The Cathedral of St. Philip - Atlanta, GA

The Church is A Laboratory of Forgiveness


An article for the Cathedral Times, from the Very Rev. Sam Candler’s sermon of 13 September 2020, titled “Forgiveness Is The Eraser!”

There are lots of names and images we use for the church. The church is a body, a congregation, a community – yes, all those things. But I have another favorite image for “Church.” The church is a “Laboratory.” The church is a laboratory for forgiveness.

The church is where we test, and experiment with, and practice forgiveness. Over time, it is the church where we learn how to forgive, and where we learn how to be forgiven. This is because there are so many mistakes in church, and so much imperfection, all in the same place where people generally want to do the right thing. And yet, we don’t, over and over again, and all on top of each other.

Let me tell you a secret: Forgiveness is the way I determine how often someone goes to church. A lot of people claim that they are spiritual, or that they are Christian, or that they are members of a church. But I can never tell by what they say. I can tell people who go to church by how they are able to forgive and be forgiven. Yes, for me, the key evidence of whether someone goes to church, is whether they know how to forgive, whether they have learned forgiveness in the great laboratory of forgiveness, the church. Those who attend faithfully are comfortable with forgiveness.

Of course, forgiveness makes all of us uncomfortable; but it makes some people truly uncomfortable. There are people, I have heard, who claim that they have never had to ask for forgiveness, or never asked for forgiveness.

Yes, forgiveness is the best evidence that someone attends church, or is a Christian. If we do not understand forgiveness, we haven’t really understood Christianity yet.

Well, in some weird sense, we have all been in various laboratories of forgiveness lately, wherever we are living. We have been on top of each other, living in petri dishes, and not really knowing what else is living here with us, at the same time. And dealing with those very real things: diseases and strengths, mistakes and solutions.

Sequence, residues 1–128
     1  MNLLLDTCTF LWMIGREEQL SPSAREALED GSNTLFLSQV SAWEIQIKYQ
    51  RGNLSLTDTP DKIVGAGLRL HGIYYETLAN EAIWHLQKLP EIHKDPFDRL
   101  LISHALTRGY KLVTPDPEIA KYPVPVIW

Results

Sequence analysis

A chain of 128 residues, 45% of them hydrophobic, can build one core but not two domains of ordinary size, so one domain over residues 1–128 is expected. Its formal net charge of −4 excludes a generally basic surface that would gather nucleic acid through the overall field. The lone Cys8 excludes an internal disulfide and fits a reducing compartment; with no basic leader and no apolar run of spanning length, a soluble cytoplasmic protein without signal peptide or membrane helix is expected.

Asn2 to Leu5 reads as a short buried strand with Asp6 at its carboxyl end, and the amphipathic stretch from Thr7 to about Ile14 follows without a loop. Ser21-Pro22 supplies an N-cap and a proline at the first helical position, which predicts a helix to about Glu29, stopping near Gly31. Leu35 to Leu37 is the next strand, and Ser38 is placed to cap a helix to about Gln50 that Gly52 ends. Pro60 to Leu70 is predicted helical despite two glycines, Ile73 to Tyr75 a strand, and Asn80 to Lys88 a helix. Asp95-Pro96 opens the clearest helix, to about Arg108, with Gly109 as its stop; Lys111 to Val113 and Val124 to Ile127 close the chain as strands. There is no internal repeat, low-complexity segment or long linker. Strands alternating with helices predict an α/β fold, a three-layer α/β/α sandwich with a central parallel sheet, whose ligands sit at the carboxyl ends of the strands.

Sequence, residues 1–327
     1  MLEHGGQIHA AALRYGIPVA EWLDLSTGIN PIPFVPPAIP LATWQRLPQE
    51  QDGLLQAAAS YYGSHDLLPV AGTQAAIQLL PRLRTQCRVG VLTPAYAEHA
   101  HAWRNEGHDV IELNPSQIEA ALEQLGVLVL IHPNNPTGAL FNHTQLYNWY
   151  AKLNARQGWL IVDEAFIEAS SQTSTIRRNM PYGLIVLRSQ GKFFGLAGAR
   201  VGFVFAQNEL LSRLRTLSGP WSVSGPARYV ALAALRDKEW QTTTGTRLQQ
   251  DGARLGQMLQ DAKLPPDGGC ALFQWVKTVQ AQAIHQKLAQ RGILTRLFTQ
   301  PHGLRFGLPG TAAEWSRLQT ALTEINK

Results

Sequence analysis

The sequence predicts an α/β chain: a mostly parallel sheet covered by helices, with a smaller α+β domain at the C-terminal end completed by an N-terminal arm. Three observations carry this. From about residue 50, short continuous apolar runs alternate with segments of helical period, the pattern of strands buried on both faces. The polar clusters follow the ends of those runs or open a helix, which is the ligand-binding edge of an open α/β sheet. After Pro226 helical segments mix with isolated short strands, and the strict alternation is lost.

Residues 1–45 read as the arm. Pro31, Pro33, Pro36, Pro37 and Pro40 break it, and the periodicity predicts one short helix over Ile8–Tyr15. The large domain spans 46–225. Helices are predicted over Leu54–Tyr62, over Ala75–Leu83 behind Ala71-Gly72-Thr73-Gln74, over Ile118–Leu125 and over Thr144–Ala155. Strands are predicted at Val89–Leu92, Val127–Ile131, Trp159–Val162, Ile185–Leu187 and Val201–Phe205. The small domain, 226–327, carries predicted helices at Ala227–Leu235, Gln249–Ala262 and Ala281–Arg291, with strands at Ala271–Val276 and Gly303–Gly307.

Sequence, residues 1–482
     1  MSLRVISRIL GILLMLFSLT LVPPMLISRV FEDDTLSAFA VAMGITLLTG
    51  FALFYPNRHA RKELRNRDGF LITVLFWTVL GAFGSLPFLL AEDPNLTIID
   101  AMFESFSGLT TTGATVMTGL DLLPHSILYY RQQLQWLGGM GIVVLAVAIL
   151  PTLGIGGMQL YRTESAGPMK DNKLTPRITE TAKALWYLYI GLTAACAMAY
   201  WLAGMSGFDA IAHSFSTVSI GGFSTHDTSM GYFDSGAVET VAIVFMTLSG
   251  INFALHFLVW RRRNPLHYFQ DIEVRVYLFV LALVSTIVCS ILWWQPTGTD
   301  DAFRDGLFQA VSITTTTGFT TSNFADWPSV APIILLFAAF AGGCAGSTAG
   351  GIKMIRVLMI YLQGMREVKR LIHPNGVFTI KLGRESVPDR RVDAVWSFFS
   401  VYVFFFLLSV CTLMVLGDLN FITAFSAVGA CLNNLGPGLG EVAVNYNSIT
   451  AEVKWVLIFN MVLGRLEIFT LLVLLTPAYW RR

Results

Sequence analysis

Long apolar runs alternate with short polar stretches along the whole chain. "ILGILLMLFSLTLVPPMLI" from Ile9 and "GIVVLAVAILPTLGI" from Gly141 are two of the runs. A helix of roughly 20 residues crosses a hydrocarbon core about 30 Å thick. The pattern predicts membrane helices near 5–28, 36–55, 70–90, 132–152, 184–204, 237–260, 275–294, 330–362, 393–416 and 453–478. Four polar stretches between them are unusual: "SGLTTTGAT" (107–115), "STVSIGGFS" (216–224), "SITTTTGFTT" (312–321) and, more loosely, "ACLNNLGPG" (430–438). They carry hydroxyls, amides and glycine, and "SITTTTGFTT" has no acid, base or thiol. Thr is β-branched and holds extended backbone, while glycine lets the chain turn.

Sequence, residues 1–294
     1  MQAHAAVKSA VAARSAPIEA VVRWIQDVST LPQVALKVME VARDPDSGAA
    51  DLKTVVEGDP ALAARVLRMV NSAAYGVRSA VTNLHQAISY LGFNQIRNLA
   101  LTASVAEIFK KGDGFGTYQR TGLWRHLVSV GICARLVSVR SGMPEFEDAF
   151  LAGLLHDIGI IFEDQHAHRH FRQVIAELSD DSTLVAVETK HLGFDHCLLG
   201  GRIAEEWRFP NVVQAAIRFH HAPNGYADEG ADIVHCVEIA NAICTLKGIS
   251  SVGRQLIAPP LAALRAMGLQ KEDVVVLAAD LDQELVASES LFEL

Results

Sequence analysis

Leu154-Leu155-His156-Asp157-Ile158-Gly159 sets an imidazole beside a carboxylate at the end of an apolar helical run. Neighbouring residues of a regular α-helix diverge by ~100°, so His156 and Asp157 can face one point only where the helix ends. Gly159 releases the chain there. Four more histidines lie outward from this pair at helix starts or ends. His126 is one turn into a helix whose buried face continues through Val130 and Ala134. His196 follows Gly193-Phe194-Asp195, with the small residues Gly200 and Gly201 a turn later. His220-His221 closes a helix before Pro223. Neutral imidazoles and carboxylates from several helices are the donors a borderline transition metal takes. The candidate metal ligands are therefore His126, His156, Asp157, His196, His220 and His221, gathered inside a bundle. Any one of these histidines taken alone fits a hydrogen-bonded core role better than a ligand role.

Oh, and if you live by yourself, you don’t escape this laboratory! Your laboratory might be online, on one of the various social media platforms on the internet. You know what they are. And the old, offline, ways are still available for us to make careless comments.

Each of them is another opportunity for us to say something wrong, or unkind, or even sinful. In fact, some of the algorithms of those online platforms seem to be weighted toward the sensational and sensationalist, the divisive and antagonistic. It’s how those platforms drive us to crave more.

It is hard for those social media platforms to deliver forgiveness. I suppose that they, too, can be laboratories, or tests, for how we want to live in this world. Do we want to live in impatience, and short outbursts of anger?

All forgiven people get tempted by these opportunities to lash out against someone else. That is exactly the tragedy of the gospel parable we heard from the Book of Matthew a few Sundays ago. The forgiven servant is grateful, but he immediately loses that gratitude by not being able to pass on the forgiveness, the release. He was released, but he cannot release another; instead, he attacks the other, and binds the other. He has not learned from church community, the laboratory of forgiveness.

…. The church is a grand laboratory for forgiveness. Where we learn forgiveness seven times seventy times. And, if we are paying attention, our families and households are the same spiritual laboratories, where we learn to forgive and where we learn how to be forgiven. Both sides of the forgiveness are critical: giving forgiveness and receiving forgiveness. Giving release, and receiving release.

To forgive means to release. It is truly one of the major principles of the Christian life. To release. For, when we release others, we suddenly feel ourselves released, too. When we let go of what we believe people owe us, then it is we who feel wonderfully free. The way God sets people free, is by using people to do it! God uses us to set his people free.

Once? Seven times? Seventy-seven times? Yes. Yes to all those numbers. And Yes to a lifetime of release. It is like washing our face, like saying “I love you.” When those acts become practices and habits, they become part of who we are. And when forgiveness becomes part of who we are, we are close to the heart of God.

The Very Reverend Sam Candler
Dean of the Cathedral of St. Philip